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Too soon to tell if bump in child deaths numbers are real

Updated: November 21, 2013 5:46PM



Let me begin by thanking the Sun-Times for the opportunity to talk to your readers about the role that the Illinois Department of Children and Family Services (DCFS) plays in ensuring safe, loving, permanent homes for our youngest and most vulnerable.

Of the more than three million children in Illinois, one in five will be abused or neglected before they turn 18. In Fiscal Year 2013 alone, the DCFS child abuse and neglect hotline received more than 236,000 calls and initiated nearly 67,000 investigations — staggering numbers considering that an estimated 70 percent of child abuse goes unreported.

The Sun Times recently reported an increase in the number of child deaths by abuse and neglect in Illinois for the fiscal year that ended June 30. That’s a conclusion that we think is premature. What has increased is the number of child deaths that DCFS has classified as abuse and neglect, an important distinction.

We feel that it’s just too early to say whether the increase in deaths that we classified as abuse or neglect reflects an actual increase in those deaths or whether the number was influenced by policy changes. Those changes include a new approach to holding parents and caregivers accountable for creating safe sleep environments for infants: Alone, on their Backs and in Cribs (ABC).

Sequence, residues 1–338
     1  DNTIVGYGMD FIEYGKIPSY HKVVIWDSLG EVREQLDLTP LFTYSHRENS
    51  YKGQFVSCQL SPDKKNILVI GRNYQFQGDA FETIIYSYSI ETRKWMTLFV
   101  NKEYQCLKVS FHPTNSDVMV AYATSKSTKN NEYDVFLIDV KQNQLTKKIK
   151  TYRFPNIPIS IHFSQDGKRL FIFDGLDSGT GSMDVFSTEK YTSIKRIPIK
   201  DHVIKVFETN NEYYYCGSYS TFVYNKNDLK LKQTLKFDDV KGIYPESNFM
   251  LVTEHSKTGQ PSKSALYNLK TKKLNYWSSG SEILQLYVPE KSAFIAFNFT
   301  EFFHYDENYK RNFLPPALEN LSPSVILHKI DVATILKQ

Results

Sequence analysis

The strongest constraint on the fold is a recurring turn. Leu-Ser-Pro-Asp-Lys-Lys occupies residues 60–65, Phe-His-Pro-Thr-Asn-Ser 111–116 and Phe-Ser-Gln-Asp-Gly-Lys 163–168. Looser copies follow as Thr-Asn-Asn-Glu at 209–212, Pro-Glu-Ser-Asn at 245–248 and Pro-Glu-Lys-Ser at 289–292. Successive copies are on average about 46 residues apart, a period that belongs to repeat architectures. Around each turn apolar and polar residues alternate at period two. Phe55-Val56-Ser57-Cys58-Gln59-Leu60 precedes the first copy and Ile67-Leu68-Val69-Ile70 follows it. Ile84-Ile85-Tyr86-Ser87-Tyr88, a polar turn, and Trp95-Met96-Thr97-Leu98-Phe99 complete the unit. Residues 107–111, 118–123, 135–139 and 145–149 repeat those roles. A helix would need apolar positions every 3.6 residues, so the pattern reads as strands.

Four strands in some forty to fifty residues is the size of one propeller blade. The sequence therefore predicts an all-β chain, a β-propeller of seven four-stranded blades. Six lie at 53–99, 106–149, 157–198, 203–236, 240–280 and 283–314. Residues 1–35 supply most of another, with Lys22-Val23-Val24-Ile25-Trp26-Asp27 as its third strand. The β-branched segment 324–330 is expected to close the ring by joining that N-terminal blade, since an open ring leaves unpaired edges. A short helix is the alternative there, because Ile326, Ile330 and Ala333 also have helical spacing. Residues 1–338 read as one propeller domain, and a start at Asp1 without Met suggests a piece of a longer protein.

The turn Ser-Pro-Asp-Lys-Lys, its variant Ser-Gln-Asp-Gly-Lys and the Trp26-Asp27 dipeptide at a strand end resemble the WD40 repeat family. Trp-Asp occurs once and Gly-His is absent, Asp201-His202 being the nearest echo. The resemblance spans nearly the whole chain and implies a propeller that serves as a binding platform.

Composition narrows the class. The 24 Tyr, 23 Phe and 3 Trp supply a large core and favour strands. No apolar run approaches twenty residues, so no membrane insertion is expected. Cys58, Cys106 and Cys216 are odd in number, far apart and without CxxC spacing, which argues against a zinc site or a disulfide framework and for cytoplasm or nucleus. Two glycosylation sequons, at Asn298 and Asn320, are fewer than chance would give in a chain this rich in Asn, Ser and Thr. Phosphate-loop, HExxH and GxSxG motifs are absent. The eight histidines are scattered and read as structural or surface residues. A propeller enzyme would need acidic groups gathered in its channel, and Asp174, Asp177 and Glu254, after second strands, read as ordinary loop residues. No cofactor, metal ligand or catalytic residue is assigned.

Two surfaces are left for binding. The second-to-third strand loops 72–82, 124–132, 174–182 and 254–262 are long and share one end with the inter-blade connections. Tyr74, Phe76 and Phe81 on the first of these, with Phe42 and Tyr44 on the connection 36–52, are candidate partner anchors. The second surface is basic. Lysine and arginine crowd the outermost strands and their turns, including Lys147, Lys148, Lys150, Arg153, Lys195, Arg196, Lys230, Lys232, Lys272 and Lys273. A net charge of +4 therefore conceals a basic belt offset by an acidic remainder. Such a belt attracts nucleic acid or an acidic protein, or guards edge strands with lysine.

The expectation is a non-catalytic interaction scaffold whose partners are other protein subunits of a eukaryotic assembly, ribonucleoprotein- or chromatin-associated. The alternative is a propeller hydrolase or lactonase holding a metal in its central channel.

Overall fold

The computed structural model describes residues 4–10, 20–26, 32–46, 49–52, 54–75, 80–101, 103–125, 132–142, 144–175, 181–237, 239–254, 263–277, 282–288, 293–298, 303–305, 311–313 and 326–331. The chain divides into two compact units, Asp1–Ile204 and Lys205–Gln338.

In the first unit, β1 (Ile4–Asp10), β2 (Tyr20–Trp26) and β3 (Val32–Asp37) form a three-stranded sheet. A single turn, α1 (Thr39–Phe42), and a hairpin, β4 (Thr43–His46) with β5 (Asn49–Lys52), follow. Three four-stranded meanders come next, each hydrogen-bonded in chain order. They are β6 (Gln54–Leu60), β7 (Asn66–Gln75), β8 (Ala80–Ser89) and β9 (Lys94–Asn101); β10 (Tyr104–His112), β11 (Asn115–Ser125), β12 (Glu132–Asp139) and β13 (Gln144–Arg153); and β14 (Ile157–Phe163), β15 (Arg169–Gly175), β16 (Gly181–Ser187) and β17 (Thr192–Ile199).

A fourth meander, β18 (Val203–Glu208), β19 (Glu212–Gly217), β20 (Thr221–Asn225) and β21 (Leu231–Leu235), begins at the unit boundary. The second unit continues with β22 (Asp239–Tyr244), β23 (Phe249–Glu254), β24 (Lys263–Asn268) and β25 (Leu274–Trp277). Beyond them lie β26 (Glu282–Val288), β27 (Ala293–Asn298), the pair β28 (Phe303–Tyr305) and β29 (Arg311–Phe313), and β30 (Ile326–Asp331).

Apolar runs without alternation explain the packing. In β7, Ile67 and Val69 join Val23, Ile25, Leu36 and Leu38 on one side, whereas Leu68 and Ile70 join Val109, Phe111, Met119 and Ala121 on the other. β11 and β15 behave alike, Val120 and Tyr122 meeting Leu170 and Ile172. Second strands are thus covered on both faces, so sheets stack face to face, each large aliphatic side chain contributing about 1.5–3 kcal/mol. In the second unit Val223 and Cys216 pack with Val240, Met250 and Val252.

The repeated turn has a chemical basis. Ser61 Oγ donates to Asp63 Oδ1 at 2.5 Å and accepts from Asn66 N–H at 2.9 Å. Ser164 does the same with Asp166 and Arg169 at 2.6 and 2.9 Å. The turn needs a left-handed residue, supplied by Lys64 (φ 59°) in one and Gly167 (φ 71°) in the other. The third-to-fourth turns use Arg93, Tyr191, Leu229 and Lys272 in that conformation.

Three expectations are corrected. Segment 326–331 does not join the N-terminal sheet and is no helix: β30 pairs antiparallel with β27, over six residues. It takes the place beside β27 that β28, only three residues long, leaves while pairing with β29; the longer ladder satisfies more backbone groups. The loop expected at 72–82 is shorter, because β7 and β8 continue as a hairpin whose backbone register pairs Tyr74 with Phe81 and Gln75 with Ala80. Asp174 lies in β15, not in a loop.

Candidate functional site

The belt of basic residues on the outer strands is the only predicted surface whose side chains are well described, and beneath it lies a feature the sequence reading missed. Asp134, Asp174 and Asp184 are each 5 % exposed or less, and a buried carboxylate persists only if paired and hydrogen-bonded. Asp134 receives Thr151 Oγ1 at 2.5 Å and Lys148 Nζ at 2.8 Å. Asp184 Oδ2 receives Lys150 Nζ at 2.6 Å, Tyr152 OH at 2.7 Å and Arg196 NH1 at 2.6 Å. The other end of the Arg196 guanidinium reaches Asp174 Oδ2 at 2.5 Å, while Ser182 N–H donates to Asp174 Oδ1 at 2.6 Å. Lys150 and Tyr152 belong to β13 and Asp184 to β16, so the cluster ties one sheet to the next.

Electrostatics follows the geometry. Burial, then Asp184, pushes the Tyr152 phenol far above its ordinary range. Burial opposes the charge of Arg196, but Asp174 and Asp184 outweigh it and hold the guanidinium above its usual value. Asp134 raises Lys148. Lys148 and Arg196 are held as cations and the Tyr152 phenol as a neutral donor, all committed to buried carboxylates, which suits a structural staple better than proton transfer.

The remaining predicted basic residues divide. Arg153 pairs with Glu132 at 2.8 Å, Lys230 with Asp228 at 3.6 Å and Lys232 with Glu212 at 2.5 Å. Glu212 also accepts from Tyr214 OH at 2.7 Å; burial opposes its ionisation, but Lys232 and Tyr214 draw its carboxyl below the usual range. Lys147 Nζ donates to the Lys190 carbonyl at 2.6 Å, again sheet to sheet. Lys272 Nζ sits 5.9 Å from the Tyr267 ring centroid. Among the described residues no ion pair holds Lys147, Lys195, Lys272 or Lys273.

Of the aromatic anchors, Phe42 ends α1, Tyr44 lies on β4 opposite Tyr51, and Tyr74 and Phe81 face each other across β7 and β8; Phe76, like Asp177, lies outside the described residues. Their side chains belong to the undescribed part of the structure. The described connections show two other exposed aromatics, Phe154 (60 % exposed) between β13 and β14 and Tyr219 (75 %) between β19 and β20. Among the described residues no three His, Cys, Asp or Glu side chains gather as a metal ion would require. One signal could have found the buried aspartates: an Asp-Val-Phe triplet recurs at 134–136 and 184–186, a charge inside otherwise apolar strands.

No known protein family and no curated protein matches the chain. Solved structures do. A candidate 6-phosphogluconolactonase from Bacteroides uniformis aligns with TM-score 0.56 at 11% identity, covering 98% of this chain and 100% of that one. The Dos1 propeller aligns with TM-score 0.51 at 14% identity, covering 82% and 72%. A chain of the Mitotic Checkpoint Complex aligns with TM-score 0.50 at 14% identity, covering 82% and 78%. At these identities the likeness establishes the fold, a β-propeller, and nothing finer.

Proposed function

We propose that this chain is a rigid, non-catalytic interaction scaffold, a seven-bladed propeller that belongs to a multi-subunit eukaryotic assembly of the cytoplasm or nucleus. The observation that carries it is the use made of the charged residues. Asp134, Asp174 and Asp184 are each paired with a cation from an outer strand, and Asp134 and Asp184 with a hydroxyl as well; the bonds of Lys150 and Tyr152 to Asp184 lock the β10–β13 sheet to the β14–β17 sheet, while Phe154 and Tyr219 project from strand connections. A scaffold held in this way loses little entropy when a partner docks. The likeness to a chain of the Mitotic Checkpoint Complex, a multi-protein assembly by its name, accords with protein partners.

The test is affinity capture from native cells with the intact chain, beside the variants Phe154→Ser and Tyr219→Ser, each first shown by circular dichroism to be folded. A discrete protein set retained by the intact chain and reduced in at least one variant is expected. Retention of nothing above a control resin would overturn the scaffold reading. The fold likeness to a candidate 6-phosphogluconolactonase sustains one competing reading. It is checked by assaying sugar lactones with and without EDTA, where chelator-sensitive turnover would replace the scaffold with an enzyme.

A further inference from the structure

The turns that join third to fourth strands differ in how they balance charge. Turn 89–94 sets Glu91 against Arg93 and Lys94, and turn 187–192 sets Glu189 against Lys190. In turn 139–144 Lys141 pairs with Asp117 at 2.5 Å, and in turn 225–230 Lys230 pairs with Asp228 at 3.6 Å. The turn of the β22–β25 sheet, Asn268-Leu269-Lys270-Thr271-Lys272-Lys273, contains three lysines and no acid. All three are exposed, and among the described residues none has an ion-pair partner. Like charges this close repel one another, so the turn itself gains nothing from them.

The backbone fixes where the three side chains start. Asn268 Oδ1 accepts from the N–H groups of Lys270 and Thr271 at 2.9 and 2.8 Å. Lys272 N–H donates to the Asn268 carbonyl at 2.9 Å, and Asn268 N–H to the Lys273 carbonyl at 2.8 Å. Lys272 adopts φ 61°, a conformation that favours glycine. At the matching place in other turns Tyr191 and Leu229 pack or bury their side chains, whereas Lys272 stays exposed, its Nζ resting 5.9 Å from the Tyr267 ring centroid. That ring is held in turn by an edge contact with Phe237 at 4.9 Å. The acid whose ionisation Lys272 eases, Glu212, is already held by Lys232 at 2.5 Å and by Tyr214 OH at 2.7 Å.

Behind each number is a child, and we owe it to those children and their families to be as thorough as we can in our review.

One child death due to abuse or neglect in Illinois is one too many. Adults have a responsibility to the children in their care to keep them safe. When that isn’t possible, it’s our job to make sure they all get the support they need.

Over the last two years, DCFS has eliminated a backlog of 2,500 open investigations. We’ve streamlined operations to focus resources on front-line caseworkers while eliminating a layer of middle management. Our investigators are on call 24 hours a day making life-changing and life-saving decisions about the children and families we serve.

We take a collaborative approach to our work, including our Office of the Inspector General, the Office of the Public Guardian, law enforcement, the courts, the medical community, social service agencies and others to develop comprehensive approaches to child welfare and safety. Because we believe in transparency and accountability, we welcome constructive scrutiny of our work, as it can only help to make us stronger.

We also need the public’s help. The vast majority of children who die by abuse or neglect every year never had prior contact with the department. If we don’t know a child is being hurt, we can’t help. DCFS is always just a phone call away: 800-25-ABUSE.

I’d like to close as I began, with a thank you: Thank you to the hardworking people of DCFS and our private agency partners who have dedicated their lives to the critical work of making life-altering decisions for children and families every day. We are called to do this work because abused and neglected children need us. It is a privilege to serve them, and I look forward to continuing on the path to ensuring safety, permanency and well-being for every child in Illinois.

Denise Gonzales is acting director of the Illinois Department of Children and Family Services



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